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March 1983

Prognosis in Generalized Peritonitis: Relation to Cause and Risk Factors

Author Affiliations

From the Departments of Surgery (Drs Bohnen, Meakins, and McLean and Ms Boulanger) and Microbiology (Dr Meakins), Royal Victoria Hospital, McGill University, Montreal.

Arch Surg. 1983;118(3):285-290. doi:10.1001/archsurg.1983.01390030017003

• Generalized peritonitis was assessed in 176 patients, 67 (38%) of whom died. Cases were divided into causative groups: (1) appendicitis and perforated duodenal ulcer, (2) intraperitoneal origin other than appendix or duodenum, and (3) postoperative peritonitis. Mortalities were 10%, 50%, and 60%, respectively. Postoperative peritonitis was characterized by lack of influence of age on outcome, late operation, and more frequent organ failure. Delayed surgery carried a worse prognosis. Organ failure was a risk factor with 76% mortality, and was associated with late operation. Early surgery in organ failure improved survival. More sensitive indicators of early organ dysfunction might improve survival.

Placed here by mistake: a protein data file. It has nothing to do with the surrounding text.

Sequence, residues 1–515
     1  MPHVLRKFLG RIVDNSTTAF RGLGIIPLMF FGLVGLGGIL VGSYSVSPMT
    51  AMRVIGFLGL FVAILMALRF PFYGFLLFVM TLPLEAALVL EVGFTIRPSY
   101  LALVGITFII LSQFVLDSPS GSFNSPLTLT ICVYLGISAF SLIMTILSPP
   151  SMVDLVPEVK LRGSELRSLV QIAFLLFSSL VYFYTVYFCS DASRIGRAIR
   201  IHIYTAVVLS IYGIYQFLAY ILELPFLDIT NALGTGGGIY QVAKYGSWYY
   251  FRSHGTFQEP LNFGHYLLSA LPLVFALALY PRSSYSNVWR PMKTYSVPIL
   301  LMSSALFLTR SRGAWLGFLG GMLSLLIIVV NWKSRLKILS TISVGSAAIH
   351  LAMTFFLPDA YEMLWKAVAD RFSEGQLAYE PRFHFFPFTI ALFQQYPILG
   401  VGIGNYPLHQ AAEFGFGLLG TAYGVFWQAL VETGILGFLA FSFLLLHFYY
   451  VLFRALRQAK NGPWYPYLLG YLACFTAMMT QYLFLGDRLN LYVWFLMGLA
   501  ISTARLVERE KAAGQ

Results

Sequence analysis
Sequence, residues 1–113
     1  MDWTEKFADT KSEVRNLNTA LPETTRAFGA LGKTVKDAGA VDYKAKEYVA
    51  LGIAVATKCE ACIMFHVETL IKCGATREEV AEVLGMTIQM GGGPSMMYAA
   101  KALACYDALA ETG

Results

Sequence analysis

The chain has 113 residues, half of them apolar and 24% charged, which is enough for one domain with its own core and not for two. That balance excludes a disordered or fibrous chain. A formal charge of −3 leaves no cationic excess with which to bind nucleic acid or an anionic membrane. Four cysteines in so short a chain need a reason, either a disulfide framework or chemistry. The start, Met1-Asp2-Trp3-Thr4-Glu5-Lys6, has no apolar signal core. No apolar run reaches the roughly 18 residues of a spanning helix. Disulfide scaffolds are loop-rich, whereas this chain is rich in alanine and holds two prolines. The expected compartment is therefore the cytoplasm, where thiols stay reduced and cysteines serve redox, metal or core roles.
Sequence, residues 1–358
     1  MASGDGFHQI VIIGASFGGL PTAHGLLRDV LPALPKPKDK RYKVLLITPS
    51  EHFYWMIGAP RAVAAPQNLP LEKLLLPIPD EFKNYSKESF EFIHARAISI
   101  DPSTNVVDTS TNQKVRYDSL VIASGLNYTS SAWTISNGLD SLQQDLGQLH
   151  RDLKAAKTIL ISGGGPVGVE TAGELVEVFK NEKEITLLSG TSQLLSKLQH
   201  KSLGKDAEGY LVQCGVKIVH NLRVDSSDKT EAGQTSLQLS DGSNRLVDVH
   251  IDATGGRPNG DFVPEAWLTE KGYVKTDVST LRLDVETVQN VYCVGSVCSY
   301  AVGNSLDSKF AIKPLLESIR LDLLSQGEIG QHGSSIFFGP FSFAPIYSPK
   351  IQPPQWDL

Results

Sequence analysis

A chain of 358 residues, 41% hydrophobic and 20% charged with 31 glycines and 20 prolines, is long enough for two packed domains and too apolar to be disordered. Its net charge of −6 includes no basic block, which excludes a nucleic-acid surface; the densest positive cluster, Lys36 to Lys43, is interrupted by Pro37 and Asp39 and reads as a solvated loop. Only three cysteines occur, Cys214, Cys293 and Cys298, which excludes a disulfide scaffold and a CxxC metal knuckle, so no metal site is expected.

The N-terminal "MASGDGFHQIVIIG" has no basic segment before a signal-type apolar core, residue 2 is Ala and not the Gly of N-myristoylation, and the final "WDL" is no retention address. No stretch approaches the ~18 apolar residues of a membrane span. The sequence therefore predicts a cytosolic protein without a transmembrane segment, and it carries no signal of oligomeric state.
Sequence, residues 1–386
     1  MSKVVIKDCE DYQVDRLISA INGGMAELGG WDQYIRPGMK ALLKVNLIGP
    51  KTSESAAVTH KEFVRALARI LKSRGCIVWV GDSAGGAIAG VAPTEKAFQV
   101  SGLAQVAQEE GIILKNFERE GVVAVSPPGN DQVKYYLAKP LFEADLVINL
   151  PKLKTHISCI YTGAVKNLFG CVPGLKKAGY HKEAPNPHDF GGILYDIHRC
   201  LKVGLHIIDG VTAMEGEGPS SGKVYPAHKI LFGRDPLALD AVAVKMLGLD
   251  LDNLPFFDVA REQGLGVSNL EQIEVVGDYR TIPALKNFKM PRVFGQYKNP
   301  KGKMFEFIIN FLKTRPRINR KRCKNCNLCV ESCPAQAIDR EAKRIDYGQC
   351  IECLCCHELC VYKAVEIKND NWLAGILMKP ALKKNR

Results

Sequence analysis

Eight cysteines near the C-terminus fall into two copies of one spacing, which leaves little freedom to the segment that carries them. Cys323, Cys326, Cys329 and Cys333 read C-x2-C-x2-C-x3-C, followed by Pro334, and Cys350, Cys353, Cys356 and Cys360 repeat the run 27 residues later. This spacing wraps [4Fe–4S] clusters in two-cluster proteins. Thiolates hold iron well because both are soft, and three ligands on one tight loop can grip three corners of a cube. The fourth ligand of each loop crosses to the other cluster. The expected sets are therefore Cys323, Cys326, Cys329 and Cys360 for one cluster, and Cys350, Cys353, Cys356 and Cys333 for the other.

(Arch Surg 1983;118:285-290)

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